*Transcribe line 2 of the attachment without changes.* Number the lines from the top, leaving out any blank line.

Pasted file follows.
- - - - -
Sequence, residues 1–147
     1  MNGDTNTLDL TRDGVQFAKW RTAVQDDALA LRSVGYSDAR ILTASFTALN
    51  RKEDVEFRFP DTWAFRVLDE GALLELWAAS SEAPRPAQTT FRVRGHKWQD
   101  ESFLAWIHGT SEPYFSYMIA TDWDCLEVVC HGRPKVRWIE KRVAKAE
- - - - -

     1  MNGDTNTLDL TRDGVQFAKW RTAVQDDALA LRSVGYSDAR ILTASFTALN